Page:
I’ve been following French artist and musician Félicia Atkinson’s work for the last couple of years, mostly through her work with the curatorial/publishing platform Shelter Press. In recent years, Shelter has published editions by the likes of Marcelline Delbecq & Ellie Ga, Peter Gizzi, and Gabriel Saloman (formerly of the Portland-based noise group Yellow Swans). So, I was pleasantly surprised to see that Atkinson would have a solo presentation of visual work at Krets – a one-room project space in Malmö known (to me, at any rate) as a venue for experimental music and artist’s publications. In fact, this is the second time that Atkinson has presented work at Krets, the first being a 2015 collaboration with artist Sabrina Ratté.
For A Fluffy Knot (a shy opera), the landscapes of the American Southwest figure prominently. In Secrets (2017), a 7-hour video shot in Arizona and New Mexico, footage of dramatic horizons, arid plateaus and desert vistas brimming with cacti are intercut with vertically scrolling text in French and English. Ambient in the gallery space is Audio Book (2017), a sound work of roughly the same duration and pacing, in which can be heard repetitive voicing and musical phrases recalling the work of American composer and pianist Terry Riley.
Hanging in the gallery’s center, The Fluffy Knot (a shy opera) (2018) is a fragile accretion of multicolored textiles knotted together with various materials including wool and silk. This site-specific installation – or, as it is referred to, the opera’s “protagonist” – extends in places rather like an inverted saguaro, its lines paralleling the cascade of words in the video; elsewhere, it forms parabolas echoing the shapes of sand dunes, sine waves, arcs of objects in flight.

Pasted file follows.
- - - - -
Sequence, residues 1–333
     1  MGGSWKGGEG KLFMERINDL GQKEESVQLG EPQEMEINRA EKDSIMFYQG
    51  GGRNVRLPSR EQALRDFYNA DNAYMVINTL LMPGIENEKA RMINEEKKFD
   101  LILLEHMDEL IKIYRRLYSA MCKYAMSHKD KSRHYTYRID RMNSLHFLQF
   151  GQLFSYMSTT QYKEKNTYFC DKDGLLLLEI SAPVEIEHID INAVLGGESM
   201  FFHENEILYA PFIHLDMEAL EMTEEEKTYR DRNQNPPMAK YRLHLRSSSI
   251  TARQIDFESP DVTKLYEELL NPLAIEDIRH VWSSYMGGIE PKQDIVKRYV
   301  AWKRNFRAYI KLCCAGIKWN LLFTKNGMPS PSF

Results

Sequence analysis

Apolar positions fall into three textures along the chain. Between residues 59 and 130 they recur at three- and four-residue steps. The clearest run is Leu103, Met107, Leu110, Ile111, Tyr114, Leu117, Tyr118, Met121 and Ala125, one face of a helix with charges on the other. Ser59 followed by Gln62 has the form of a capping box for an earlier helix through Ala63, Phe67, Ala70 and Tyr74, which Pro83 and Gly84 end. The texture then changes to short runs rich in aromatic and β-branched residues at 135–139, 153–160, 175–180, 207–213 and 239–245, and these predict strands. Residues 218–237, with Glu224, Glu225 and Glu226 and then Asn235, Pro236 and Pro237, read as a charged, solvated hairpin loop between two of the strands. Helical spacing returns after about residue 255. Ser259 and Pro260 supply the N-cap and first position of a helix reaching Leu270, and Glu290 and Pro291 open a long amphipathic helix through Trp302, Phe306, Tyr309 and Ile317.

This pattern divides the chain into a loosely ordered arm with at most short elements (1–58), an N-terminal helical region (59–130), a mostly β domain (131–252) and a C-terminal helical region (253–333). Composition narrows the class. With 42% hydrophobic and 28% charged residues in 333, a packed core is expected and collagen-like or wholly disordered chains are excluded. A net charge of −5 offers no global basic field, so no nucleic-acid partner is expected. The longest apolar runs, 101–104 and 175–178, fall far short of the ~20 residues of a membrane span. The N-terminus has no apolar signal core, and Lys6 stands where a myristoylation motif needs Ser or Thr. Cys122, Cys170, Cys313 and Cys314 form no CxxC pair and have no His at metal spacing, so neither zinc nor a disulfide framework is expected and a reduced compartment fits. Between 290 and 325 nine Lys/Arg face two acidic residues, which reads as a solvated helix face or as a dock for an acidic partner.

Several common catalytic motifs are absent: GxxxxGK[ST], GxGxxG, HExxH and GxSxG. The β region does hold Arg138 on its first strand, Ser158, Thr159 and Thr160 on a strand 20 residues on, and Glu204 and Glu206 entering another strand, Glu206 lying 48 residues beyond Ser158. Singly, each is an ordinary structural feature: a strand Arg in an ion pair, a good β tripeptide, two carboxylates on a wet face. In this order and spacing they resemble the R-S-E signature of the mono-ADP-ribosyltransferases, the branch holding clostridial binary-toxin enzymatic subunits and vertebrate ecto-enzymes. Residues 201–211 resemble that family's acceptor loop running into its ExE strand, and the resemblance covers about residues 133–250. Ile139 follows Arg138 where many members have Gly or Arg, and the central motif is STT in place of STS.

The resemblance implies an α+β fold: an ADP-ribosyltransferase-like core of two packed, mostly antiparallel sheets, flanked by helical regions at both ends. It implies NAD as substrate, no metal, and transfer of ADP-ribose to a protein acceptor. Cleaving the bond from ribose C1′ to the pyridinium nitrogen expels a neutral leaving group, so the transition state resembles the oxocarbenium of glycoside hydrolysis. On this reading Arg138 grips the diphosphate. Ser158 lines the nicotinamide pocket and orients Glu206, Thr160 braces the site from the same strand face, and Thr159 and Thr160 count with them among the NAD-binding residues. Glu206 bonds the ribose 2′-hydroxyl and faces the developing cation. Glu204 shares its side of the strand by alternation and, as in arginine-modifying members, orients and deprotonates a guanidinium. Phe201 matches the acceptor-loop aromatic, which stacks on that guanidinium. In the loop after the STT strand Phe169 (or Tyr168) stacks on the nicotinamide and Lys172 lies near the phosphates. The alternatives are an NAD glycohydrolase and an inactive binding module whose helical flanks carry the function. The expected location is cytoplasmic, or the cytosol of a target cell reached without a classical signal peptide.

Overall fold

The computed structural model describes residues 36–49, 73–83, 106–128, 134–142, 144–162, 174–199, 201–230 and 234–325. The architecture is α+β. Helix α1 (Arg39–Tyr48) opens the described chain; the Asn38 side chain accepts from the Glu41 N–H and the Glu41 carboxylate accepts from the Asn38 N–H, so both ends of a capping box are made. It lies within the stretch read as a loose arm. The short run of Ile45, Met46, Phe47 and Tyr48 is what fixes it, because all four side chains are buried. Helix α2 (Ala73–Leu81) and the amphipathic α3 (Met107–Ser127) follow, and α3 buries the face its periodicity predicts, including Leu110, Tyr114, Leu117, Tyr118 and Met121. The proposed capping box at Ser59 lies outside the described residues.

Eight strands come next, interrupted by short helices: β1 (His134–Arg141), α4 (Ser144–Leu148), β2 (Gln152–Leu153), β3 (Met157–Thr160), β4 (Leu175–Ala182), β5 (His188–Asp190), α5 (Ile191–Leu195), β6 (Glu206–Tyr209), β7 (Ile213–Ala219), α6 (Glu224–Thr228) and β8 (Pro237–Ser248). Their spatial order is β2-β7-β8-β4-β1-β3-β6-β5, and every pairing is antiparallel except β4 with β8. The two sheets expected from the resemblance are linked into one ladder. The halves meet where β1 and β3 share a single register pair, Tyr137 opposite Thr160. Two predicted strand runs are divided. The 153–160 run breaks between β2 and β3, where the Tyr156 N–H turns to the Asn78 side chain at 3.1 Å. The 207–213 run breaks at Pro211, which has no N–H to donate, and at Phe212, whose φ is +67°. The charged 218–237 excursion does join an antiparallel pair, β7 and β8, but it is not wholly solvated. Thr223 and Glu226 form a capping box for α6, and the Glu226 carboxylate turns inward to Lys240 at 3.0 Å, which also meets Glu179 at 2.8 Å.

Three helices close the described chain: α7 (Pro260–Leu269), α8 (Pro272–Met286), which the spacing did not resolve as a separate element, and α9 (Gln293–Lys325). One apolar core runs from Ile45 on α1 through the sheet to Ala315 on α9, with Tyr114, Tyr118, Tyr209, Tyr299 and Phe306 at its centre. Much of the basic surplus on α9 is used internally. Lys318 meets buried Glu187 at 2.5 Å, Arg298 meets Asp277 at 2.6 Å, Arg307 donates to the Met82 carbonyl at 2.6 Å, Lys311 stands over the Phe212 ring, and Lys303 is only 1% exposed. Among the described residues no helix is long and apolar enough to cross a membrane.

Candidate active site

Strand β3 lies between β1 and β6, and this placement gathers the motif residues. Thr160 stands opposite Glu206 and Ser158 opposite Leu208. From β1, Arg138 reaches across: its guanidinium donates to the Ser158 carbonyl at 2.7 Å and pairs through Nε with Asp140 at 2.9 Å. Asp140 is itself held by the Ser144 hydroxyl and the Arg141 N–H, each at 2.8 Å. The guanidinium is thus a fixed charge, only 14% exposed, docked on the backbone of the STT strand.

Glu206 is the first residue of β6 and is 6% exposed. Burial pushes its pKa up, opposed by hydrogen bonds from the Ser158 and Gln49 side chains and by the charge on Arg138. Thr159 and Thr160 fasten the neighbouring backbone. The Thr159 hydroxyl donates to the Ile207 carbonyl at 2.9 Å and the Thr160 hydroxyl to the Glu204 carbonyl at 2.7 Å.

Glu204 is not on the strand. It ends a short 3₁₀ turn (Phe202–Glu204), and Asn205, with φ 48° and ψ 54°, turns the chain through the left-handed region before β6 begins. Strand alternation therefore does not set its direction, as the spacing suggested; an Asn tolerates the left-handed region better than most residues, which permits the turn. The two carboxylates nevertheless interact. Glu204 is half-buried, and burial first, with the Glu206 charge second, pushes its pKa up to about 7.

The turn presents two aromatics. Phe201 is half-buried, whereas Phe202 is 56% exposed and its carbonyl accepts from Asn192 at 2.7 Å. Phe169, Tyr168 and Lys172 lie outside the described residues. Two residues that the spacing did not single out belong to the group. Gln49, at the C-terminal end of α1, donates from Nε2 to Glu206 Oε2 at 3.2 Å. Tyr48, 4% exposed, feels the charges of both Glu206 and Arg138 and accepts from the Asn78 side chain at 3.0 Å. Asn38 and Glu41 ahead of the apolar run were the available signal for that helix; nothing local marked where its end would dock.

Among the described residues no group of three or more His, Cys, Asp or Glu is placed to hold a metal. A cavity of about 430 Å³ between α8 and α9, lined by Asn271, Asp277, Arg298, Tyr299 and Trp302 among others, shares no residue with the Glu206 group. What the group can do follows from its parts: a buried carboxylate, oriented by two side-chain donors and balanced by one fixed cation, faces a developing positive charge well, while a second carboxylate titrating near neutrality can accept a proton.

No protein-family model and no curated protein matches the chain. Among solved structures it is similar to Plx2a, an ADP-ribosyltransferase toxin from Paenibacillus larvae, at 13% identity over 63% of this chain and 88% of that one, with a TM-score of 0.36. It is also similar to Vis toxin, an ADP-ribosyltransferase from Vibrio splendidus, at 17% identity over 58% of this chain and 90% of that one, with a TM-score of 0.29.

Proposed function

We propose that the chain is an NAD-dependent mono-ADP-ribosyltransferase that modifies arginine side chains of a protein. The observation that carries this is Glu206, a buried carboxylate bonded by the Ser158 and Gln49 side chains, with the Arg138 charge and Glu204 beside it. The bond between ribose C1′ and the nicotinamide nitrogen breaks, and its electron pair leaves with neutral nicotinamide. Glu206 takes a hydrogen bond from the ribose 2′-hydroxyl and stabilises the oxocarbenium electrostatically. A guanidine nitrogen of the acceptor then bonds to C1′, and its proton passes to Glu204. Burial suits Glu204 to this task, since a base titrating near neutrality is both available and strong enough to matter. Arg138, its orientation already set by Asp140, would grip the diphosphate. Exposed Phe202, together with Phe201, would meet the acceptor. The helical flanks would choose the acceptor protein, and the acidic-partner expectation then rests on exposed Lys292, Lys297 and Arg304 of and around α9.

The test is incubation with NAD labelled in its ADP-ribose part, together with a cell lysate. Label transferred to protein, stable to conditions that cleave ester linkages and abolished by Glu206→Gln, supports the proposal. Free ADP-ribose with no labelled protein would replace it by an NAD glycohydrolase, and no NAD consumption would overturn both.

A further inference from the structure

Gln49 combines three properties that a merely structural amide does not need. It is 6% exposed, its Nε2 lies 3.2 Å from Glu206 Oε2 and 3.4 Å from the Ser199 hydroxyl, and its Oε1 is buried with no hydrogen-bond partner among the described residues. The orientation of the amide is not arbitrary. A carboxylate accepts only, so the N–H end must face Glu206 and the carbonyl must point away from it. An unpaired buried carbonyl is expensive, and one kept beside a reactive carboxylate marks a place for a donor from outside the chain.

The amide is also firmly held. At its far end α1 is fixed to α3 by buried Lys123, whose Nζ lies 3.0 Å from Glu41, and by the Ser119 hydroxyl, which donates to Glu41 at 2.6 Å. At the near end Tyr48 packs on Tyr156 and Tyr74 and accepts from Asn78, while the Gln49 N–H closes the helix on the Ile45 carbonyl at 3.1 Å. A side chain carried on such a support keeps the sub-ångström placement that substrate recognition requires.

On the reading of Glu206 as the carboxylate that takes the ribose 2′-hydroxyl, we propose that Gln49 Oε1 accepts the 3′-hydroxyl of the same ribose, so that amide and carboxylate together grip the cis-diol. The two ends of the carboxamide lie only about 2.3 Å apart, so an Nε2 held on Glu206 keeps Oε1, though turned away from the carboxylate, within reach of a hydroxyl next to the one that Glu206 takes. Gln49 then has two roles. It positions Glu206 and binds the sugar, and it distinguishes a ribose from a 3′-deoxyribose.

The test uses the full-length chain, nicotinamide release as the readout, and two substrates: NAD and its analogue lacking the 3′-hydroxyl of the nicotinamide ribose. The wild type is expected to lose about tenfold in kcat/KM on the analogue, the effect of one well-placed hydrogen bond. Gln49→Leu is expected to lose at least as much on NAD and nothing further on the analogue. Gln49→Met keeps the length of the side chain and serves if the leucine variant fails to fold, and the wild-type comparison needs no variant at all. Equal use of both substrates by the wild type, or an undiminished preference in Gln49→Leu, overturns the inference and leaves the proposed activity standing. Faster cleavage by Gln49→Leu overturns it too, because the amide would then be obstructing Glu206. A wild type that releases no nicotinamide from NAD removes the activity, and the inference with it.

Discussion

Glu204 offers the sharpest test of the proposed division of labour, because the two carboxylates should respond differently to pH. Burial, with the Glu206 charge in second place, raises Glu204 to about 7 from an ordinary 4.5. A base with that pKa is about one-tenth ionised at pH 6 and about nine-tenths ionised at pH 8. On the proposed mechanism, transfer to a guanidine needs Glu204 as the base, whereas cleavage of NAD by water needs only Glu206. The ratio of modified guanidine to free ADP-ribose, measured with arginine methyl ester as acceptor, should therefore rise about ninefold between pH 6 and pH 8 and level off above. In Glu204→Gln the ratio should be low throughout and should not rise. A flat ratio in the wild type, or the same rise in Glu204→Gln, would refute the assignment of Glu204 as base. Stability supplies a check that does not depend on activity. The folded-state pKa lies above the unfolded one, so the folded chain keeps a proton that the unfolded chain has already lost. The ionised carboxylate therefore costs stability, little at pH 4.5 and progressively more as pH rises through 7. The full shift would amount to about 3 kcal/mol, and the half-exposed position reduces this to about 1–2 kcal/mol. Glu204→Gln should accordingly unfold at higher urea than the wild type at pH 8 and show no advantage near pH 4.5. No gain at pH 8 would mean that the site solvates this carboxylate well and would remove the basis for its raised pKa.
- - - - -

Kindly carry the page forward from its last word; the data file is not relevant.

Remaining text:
Such formal drifts are frequent in Atkinson’s work, much of which is improvised on site. The conceptual entanglements that emerge from this process are as complex as they are inscrutable. Musical notation turns into desert flora, turns into the moon; geological processes are obscured beneath gestural marks; somewhere, coyote plays a trick. Indeed, the knot referred to in the title might actually be a topology of relations. And yet, for all its emphasis on formal correspondence and temporal change, one nevertheless gets the sense that this exhibition ultimately has less to do with tracing processes of becoming than it does with representing a sense of disorientation.
The images of the landscape are often stunning. But in Atkinson’s associative matrix, they are abstracted into an empty grid through which consciousness might expand. If there is something “fluffy” about Atkinson’s show, it’s this. Having lived in New Mexico for over twenty years, I can still marvel at the Bisti Badlands and stand in awe of White Sands National Monument. But I also know these landscapes are marked by troubled histories that include border crossings, disputes over ancestral lands, and nuclear weapons testing, to name a few. In its aestheticization of the land, Atkinson’s show evokes throngs of European tourists scouring the plaza in Santa Fe for kachinas and turquoise jewelry as much as it does relational entanglements and topological continuity. The knots that it offers are confounding, but limited to a cognitive exercise.